This Toyota Coaster RV Is One Of The Biggest Japanese Imports You’ll See

This Toyota Coaster RV Is One Of The Biggest Japanese Imports You’ll See

RVs come in many shapes and forms from a simple camper van to the giant Class A beasts with more amenities than a five-star hotel. This 1992 Toyota Coaster Camping Saloon is imported from Japan and is a rad way to show up at the campground. Oh, and did I mention it’s for sale here in America?

Japan has all sorts of weird campers on its roads. Some examples are Mitsubishi Delica-based RVs or vans like the Mazda Bongo Friendee that we featured on a recent Dopest Cars entry. But what if you don’t want to sleep in a van with a tent on top and a Delica RV just isn’t big enough?

Toyota offered the option to go bigger by taking its Coaster minibus and building it out into an RV.

Photo: Craigslist, Other

The Toyota Coaster has been in production since 1969 and has seen use over its generations as everything from public transit buses to school buses. However, Toyota also catered to the recreational vehicle market by taking the Coaster and turning it into a spacious RV. The result is the Camping Saloon, and one of them is for sale on Craigslist near Naples, Florida, for $24,000.

This is one of the larger vehicles that I’ve seen imported from Japan. Shipping costs tend to get exponentially higher with vehicle size, so this likely wasn’t cheap to get here.

It looks bigger than it actually is. At about 6.40 m, it’s only a few feet longer than a Ford Excursion or extended-length Chevrolet Suburban.

Photo: Craigslist, Other

The seller calls it a “JDM Mystery Machine” and I suppose it is what the Mystery Machine from Scooby-Doo would look like as a Japanese minibus. Forget the boring swoops of the everyday American RV, this thing is painted in bright green!

The RV features a cab-forward design, which makes for easy manoeuvring in tight spaces. Further aiding manoeuvring is a sweet lower window that allows the driver a better view of what’s happening on the left side of the vehicle.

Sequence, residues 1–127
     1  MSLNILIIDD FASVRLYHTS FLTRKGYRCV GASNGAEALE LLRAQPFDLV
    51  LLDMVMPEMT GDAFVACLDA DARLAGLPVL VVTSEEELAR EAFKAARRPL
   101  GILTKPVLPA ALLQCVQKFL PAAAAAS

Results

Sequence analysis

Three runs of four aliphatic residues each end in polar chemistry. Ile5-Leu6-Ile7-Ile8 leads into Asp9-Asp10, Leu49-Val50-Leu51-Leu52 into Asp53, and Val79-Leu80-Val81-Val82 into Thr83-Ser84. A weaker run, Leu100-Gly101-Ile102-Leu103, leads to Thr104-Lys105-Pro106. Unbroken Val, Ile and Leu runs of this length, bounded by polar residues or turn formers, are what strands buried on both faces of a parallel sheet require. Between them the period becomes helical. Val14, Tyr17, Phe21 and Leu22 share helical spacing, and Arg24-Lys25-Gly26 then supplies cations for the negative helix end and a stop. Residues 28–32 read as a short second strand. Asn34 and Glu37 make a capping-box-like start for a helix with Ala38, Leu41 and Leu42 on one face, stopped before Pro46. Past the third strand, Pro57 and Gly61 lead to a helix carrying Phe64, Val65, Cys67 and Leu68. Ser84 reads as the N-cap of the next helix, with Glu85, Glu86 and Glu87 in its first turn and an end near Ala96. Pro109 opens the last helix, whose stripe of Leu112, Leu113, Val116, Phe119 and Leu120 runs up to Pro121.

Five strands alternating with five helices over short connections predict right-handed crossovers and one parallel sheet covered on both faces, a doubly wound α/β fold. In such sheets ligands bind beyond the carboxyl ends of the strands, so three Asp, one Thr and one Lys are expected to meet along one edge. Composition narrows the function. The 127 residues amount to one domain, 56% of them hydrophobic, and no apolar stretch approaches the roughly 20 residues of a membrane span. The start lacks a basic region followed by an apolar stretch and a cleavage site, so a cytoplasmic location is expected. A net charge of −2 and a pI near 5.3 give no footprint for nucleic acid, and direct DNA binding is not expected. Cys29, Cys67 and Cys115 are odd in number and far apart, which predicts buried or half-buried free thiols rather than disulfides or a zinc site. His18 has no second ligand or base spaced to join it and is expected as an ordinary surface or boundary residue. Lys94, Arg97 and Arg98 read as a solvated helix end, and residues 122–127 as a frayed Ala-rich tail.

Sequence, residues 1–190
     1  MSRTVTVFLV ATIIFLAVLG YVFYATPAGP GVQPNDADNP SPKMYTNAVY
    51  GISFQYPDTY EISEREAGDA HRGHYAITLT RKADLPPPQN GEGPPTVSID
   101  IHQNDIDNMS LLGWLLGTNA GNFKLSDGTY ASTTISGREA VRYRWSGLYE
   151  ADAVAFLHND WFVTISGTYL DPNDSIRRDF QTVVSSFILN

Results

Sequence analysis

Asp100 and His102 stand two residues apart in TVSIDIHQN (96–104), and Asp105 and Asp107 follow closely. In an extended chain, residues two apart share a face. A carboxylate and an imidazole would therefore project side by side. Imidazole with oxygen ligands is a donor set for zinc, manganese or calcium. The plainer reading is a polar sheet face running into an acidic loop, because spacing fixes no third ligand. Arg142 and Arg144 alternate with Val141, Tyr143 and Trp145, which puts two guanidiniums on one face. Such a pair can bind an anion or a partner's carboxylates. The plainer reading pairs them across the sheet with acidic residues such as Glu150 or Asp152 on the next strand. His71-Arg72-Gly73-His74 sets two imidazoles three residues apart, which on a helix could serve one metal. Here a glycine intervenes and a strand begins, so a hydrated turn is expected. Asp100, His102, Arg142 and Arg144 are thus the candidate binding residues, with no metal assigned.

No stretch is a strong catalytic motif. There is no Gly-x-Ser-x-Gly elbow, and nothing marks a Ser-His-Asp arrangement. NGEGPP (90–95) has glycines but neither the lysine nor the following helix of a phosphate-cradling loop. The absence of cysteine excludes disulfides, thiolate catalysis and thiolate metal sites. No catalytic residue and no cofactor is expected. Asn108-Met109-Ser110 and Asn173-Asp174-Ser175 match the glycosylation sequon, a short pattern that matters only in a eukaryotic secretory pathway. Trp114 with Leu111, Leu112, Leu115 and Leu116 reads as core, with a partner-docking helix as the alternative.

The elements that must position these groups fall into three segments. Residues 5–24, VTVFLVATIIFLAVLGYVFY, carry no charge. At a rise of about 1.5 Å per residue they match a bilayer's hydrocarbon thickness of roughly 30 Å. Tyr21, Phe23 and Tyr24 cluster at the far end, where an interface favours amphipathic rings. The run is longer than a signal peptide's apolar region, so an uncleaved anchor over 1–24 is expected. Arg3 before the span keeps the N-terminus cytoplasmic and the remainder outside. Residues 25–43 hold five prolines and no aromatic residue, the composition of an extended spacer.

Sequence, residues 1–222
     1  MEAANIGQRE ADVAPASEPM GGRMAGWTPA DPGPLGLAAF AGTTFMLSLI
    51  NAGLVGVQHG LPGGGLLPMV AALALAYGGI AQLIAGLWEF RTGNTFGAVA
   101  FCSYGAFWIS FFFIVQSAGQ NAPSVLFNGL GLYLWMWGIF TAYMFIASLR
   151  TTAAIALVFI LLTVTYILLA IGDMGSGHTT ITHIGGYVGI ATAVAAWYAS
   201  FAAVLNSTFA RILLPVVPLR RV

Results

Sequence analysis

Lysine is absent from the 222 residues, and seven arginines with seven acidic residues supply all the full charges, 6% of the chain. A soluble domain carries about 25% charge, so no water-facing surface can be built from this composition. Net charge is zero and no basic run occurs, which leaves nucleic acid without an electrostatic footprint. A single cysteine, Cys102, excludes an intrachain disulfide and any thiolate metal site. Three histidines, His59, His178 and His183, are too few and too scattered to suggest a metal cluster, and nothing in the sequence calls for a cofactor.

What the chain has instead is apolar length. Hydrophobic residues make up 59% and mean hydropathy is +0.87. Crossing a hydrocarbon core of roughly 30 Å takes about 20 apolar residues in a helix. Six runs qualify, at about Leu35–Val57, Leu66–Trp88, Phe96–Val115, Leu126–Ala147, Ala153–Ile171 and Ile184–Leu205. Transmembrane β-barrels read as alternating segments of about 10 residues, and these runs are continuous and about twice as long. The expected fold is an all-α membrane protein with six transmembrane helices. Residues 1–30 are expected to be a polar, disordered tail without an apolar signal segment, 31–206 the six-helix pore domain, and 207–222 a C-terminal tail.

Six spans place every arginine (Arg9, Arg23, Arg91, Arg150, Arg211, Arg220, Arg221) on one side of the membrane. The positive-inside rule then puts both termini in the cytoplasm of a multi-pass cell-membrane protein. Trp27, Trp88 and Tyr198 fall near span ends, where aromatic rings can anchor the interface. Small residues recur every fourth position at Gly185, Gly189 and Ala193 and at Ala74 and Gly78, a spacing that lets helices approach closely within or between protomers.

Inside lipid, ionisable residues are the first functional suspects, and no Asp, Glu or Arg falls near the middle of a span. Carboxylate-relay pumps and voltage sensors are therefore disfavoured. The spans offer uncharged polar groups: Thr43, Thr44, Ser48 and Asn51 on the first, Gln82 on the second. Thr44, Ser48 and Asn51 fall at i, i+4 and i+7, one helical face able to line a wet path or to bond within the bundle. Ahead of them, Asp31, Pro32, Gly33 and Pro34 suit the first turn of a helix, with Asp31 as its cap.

Photo: Craigslist, Other

The Coaster has gotten some upgrades over the years with the biggest change on the outside is some custom lighting out back.

Photo: Craigslist, Other

Inside, the driver gets a big GPS on the dashboard and they pilot the rig from a wood-trimmed Momo steering wheel.

Photo: Craigslist, Other

Up near the front is a 4.2-litre turbodiesel making 165 horsepower and 122 kg-ft torque. That’s paired to a four-speed automatic. Yep, this thing has a mid-front engine layout!

Photo: Craigslist, Other

The living area comes with all of the essentials needed for your trip away from home. There’s comfy seating for the whole crew on this rig, too.

Photo: Craigslist, Other

In back is a combination master bedroom, living room or dining room, depending on how you have it configured.

Photo: Craigslist, Other

In its bedroom configuration it turns into a spacious king-size bed, too!

Photo: Craigslist, Other

It’s a clever way to use the limited space that’s available. The seller says that the Camping Saloon sleeps about six people. The RV also comes with dual air-conditioning and dual heat.

But there are some limitations. The rear air-conditioning only runs when the engine runs and cooking is handled by a propane stove in the kitchen. Thankfully, the kitchen does have an exhaust fan. Also, check out what this bathroom looks like:

Photo: Craigslist, Other
Photo: Craigslist, Other

This Camping Saloon isn’t a giant palace on wheels or a weird custom build, but it’s definitely a cool way to travel. There appears to be few of these in the country, too. One of the few others in the country popped up for sale in 2018 on Bring A Trailer.

Weirdly, even though Toyota doesn’t appear to make Coasters into RVs anymore, plenty of others do. First Choice Motorhomes, a conversion company in Australia, notes that regular Toyota Coaster buses make for a popular conversion platform and sure enough, there are a ton of these converted into RVs.

The 1992 Toyota Coaster Camping Saloon is $24,000 on Craigslist and it also appears on Japan4WD.com.